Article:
While some diseases are of short duration and mainly affect one part of the body, others progress to affect additional parts of the body and can eventually engulf the entire organism. As described by Rob Svoboda: "Weakness of the digestive fire is the root cause of all diseases, vata is the chief cause of the development of all diseases, and ama is the principal nourisher of disease." The primary stages of disease are depicted as accumulation, aggravation, and overflow.
Accumulation: As a result of exposure to various disease-causing factors, one or more of the doshas accumulates in its seat: kapha in the stomach, pitta in the small intestine, and vata in the colon. Each produces its own characteristic symptoms, for example: kapha creates lethargy, heaviness of the limbs, pallor, bloating, and loss of appetite with weakened digestion; pitta produces burning sensations, increased body heat, a bitter taste in the mouth, yellowness of the skin, acidity of the stomach, and increased anger; vata causes weakness and dryness of the body, desire for warmth and hot articles, stiffness and fullness of the abdomen, flatulence and/or constipation, disturbed sleep, and increased fear. The disease is relatively easy to resolve when the imbalance is primarily one of accumulation.
Aggravation: In this stage, for which the Sanskrit term literally means rage, the doshas continue to increase and put pressure on their reservoirs, intensifying the symptoms they have produced. It is still fairly easy to remove the doshas (as faults) even at this stage, but while treating them, their reservoir organs, which have been stressed by the ire of the corresponding doshas, need also to be strengthened. The doshas do not always accumulate before they become enraged; if the causes are strong enough, aggravation of doshas at their normal levels may occur directly.
Overflow: If aggravation is permitted to proceed unchecked, the doshas escape their original seats, wandering about the body like vagabonds, searching for a place to camp. All the symptoms that already existed from aggravation now worsen. At this point, kapha may produce vomiting, pitta may produce burning diarrhea, and vata may produce colicky pain in the colon and painful defecation, with the liberation of copious quantities of gas. Overflow of pitta or kapha can occur without previous accumulation or aggravation in their reservoir organs if either or both of those doshas are displaced by the force of a strongly aggravated vata. This "wind" may be directly disturbed by exposure to strong imbalancing causes, such as excessive desire, sleeplessness, excessive talking and activity (especially on an empty stomach), sudden vomiting or diarrhea (particularly if self-induced), intense joy or sadness, and the restraint of any of the natural reflex urges.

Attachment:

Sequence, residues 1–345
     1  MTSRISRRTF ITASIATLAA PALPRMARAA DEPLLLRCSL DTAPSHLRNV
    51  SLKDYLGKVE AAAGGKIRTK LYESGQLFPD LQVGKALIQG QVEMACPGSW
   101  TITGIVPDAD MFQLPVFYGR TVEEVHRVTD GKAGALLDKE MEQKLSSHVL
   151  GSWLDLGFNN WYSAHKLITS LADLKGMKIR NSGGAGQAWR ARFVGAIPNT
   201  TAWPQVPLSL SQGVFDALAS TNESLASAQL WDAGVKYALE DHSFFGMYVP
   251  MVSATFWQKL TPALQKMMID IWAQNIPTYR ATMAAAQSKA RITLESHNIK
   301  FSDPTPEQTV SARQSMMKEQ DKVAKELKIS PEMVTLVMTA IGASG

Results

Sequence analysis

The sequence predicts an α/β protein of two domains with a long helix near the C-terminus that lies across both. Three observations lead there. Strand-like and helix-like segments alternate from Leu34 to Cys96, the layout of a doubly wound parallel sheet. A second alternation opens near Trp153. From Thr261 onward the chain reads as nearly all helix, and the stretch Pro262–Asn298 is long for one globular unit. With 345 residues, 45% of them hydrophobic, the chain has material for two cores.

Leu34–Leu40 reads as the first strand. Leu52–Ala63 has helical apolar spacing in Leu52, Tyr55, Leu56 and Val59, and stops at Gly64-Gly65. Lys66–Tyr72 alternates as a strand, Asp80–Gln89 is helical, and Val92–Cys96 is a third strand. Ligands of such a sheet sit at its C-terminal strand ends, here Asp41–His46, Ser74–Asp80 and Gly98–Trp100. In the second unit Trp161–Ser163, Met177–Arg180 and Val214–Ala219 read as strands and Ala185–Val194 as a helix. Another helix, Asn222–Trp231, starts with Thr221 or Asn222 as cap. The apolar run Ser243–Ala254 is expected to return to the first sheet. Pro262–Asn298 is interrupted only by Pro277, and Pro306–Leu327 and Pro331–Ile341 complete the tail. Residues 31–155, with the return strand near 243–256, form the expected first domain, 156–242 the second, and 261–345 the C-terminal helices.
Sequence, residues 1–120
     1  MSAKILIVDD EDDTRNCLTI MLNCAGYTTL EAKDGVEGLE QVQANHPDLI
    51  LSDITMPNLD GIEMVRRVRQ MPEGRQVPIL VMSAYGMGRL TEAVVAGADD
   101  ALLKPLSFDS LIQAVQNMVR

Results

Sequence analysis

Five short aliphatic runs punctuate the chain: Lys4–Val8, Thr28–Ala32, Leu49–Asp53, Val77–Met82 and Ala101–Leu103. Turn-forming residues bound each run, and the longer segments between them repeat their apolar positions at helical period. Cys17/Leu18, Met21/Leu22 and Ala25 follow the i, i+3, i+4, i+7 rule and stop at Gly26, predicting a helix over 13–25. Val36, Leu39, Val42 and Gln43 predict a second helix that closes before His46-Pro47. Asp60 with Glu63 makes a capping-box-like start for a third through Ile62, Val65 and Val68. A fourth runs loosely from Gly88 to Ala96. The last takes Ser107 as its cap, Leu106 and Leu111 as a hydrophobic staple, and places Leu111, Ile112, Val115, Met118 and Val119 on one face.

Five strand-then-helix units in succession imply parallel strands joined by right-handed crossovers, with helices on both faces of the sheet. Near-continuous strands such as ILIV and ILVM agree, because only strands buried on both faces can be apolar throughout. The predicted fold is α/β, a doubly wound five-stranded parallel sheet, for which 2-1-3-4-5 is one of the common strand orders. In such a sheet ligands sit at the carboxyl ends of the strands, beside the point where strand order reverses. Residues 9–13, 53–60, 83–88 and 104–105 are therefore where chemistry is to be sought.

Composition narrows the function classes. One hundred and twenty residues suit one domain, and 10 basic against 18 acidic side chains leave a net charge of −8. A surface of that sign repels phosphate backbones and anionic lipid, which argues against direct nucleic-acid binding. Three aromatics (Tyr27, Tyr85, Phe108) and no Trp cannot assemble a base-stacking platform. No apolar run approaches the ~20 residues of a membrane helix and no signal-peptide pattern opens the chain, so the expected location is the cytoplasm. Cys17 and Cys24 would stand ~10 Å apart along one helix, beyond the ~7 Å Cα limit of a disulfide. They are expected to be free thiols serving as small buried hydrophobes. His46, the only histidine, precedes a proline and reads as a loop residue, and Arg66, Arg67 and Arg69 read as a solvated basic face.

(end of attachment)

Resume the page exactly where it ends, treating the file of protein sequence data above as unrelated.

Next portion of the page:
The fourth stage (purvarupa) is the initial manifestation of symptoms that result from accumulation of the doshas at susceptible sites. The fifth stage (rupa) is when the disease has become readily apparent: the sites of secondary accumulation of the doshas have been substantially disturbed; there are local structural changes. The sixth stage is when the disease erupts from the body. At that point, symptoms might include obvious inflammation, enlarged glands, abscesses, skin eruptions, fever, diarrhea, leukorrhea, etc. That is, there are indications that the body is filled, and material is either stuck (as in a swelling), erupting, or draining out. At the same time, complications of the disease, manifesting now at additional sites, will occur.
The therapies at each of the stages as the disease progresses must become more specific, more potent, and more frequently applied. It is best to catch the disorder early, when dietary adjustments and a few days of using simple herb formulas may be sufficient; perhaps massage will be applied once or twice, and some cleansing procedures might be followed.